Physical risks eg. natural disasters, storms, rising sea levels, turn into economic costs and financial losses when the increased frequency, severity or volatility of extreme weather events leads to physical damage. As the frequency and severity of natural catastrophes increases, this can lead to non-insured losses which, in turn, can threaten the solvency of households, businesses and governments, and therefore also financial institutes.[4] The physical risks are more likely to materialise in the long term and the perceived future risks can be underestimated in the short term.

Transition risks are associated with economic dislocation (such as large-scale job losses) and the financial losses that could result from the process of adjustment towards a low-carbon economy. Further the shift in consumer preferences, driven by a desire for more ethical or sustainable supply chains or products, can also affect products that are not environmentally friendly.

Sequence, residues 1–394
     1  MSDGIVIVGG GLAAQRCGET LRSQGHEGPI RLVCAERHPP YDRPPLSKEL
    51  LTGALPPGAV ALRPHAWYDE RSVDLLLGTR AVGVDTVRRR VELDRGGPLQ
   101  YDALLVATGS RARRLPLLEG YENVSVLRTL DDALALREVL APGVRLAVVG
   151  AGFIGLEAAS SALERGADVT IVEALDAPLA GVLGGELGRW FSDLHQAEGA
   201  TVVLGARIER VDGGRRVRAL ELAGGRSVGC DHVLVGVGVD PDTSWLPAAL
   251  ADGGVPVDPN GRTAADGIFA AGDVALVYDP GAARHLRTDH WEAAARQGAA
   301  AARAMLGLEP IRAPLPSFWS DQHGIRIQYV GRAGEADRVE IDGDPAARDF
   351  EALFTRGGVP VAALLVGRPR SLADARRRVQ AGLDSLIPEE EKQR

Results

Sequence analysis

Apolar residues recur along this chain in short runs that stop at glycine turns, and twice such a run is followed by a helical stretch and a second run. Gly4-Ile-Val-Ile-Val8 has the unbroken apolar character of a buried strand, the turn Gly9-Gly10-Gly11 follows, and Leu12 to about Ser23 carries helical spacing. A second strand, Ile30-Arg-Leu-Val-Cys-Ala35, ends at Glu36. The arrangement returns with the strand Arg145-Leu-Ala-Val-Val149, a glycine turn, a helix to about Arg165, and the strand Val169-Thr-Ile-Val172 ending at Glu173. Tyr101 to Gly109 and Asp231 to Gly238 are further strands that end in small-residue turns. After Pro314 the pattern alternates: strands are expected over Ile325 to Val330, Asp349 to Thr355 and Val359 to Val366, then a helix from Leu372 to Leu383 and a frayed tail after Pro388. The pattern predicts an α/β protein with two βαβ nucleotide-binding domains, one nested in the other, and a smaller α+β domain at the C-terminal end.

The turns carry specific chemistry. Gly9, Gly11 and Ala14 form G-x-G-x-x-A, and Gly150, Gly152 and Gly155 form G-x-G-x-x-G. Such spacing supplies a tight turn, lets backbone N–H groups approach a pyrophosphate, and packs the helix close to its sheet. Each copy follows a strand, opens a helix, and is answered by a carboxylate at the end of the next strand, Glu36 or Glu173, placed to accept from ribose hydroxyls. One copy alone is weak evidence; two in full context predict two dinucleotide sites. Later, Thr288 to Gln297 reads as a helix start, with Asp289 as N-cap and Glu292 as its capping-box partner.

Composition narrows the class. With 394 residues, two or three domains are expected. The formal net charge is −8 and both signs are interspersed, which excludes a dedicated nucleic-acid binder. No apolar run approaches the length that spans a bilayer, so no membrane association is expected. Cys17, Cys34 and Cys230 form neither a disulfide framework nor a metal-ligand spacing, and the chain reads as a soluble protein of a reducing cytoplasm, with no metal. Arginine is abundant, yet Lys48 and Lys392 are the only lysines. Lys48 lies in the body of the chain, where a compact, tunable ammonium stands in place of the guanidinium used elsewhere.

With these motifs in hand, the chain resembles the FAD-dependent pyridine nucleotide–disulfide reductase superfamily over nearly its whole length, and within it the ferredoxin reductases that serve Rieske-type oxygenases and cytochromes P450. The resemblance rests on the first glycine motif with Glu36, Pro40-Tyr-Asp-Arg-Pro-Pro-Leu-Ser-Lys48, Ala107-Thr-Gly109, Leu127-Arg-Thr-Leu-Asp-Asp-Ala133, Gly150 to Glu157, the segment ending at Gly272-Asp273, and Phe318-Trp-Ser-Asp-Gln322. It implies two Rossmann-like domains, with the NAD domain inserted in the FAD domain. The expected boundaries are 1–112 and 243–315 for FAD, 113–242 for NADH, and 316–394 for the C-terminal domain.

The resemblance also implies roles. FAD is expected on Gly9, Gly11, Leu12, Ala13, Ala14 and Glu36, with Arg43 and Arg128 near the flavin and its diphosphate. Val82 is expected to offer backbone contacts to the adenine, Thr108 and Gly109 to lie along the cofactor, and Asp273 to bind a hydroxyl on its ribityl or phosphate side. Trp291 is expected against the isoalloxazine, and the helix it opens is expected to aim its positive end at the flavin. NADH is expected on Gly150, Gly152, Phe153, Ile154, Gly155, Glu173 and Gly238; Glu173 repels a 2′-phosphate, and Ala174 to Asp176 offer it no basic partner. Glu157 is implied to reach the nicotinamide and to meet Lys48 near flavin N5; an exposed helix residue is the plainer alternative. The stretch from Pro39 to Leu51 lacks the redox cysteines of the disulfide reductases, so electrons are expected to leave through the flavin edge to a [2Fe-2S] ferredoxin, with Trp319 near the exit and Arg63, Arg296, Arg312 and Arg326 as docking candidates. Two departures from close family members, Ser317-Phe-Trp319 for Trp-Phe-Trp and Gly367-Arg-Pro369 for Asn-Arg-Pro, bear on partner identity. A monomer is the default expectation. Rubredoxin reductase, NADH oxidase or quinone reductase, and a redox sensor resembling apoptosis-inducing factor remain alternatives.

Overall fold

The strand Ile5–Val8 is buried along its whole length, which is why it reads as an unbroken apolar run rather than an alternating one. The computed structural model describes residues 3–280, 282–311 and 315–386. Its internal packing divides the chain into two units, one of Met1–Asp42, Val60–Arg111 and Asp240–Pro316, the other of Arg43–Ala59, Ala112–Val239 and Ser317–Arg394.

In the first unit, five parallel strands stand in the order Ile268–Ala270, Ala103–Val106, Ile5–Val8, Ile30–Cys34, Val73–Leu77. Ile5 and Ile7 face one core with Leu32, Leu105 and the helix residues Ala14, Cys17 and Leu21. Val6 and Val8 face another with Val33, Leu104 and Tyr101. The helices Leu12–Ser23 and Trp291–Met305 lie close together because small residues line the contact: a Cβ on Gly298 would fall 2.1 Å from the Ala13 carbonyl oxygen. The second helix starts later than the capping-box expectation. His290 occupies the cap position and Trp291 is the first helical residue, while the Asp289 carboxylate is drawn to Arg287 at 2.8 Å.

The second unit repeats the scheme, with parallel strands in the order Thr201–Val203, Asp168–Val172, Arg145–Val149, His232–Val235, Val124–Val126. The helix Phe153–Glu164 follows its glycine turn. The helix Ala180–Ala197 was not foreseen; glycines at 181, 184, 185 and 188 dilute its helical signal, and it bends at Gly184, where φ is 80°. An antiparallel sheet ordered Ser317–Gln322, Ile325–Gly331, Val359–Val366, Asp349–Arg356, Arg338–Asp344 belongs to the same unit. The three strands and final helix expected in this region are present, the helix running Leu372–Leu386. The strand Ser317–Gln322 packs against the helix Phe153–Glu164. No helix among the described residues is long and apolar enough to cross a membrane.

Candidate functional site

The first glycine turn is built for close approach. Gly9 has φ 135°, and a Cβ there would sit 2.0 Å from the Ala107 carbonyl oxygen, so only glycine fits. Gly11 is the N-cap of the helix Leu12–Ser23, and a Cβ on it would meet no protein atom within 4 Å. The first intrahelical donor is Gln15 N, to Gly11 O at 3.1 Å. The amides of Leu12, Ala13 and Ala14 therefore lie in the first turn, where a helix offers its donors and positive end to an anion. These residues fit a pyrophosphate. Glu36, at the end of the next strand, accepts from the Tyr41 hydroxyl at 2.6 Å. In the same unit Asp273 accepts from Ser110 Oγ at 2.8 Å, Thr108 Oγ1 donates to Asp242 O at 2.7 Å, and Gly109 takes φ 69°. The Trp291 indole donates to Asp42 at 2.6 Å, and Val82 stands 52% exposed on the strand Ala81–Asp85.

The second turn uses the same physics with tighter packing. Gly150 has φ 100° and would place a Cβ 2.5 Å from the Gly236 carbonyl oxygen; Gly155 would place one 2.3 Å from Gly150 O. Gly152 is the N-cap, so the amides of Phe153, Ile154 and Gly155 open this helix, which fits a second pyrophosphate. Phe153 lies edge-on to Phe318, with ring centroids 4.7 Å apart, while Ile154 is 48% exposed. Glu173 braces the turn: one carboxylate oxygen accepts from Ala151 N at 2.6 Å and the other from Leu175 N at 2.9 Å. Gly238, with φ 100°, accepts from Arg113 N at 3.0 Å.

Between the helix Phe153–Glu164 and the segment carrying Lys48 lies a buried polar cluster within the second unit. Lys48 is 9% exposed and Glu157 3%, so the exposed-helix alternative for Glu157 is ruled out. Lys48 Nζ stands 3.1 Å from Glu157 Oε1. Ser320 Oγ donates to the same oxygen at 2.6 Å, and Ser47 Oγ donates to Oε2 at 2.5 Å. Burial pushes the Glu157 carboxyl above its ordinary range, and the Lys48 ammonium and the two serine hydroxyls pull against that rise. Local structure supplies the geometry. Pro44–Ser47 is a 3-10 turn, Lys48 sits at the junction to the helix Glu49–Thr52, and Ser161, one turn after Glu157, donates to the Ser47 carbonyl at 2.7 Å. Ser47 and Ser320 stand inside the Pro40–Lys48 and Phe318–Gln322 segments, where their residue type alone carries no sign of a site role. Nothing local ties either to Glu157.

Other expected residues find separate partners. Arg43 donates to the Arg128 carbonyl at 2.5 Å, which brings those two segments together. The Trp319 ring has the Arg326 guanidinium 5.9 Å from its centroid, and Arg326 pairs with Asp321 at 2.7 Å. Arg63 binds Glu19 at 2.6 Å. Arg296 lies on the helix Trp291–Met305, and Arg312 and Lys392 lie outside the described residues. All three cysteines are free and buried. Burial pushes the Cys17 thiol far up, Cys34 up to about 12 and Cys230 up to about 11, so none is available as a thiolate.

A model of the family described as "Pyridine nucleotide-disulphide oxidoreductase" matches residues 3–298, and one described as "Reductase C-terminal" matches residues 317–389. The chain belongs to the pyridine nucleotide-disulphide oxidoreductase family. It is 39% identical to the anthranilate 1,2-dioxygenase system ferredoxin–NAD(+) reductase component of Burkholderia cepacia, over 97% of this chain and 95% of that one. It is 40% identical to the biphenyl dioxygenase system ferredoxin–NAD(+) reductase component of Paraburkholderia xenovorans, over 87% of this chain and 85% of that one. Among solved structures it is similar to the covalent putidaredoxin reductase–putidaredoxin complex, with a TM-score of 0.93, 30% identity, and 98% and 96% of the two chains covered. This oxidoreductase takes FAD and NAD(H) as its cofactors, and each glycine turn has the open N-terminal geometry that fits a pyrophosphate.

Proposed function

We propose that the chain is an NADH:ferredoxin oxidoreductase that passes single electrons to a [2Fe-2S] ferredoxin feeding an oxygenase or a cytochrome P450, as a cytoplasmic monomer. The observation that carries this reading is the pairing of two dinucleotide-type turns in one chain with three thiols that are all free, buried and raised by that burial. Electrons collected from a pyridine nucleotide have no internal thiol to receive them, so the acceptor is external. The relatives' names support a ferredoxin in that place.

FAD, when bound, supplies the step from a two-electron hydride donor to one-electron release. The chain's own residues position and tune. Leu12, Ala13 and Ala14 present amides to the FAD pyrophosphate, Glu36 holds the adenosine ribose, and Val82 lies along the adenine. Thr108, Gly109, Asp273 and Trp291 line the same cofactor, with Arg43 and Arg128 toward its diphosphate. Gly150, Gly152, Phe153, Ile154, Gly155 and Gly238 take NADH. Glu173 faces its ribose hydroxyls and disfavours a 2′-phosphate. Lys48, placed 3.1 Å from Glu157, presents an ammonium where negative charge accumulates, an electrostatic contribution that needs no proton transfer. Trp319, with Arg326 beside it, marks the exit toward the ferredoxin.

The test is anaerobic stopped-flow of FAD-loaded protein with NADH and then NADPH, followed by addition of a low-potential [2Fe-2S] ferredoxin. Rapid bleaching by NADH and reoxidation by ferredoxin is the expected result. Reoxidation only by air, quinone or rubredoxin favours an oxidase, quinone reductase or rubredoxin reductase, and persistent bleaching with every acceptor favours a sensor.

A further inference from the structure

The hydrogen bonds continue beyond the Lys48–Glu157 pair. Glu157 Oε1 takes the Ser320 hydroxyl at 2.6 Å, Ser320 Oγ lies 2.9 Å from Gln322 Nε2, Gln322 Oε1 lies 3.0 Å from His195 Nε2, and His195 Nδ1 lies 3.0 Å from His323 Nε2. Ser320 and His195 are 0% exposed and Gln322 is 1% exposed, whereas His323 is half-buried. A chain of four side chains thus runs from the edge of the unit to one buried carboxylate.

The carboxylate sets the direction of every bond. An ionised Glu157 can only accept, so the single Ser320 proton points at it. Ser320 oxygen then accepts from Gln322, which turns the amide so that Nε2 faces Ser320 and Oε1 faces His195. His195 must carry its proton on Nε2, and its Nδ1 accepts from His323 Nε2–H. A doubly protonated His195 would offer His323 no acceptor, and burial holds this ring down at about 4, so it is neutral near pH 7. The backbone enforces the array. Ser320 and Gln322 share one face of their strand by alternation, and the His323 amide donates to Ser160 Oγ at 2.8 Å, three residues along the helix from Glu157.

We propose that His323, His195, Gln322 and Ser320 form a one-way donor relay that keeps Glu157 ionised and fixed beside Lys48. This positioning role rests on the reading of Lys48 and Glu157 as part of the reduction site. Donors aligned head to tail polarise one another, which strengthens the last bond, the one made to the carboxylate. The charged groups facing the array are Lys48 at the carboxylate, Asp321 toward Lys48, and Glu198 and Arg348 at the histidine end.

Reputational risk can arise due to negative perceptions around transactions with negative environmental impacts or failures to address customer demands for greater transparency, such as producing climate-related disclosures as required/expected by the market. Engaging in green investment activities would likely mitigate reputational risk for asset managers.



Accordingly, asset managers need to ensure the resilience of their customers’ assets against the impact of environmental risk. By implementing robust and sound environmental risk management policies and processes, asset managers can play a key role in the transition towards an environmentally sustainable economy by channelling capital through their green investment activities.



[3] Paragraph 2.3 of the Consultation Paper on Proposed Guidelines on Environmental Risk Management for Asset Managers


[5] MAS Guidelines on Environmental Risk Management (Asset Managers) December 2020 <>


This article is provided to you for general information and should not be relied upon as legal advice. The editor and the contributing authors do not guarantee the accuracy of the contents and expressly disclaim any and all liability to any person in respect of the consequences of anything done or permitted to be done or omitted to be done wholly or partly in reliance upon the whole or any part of the contents.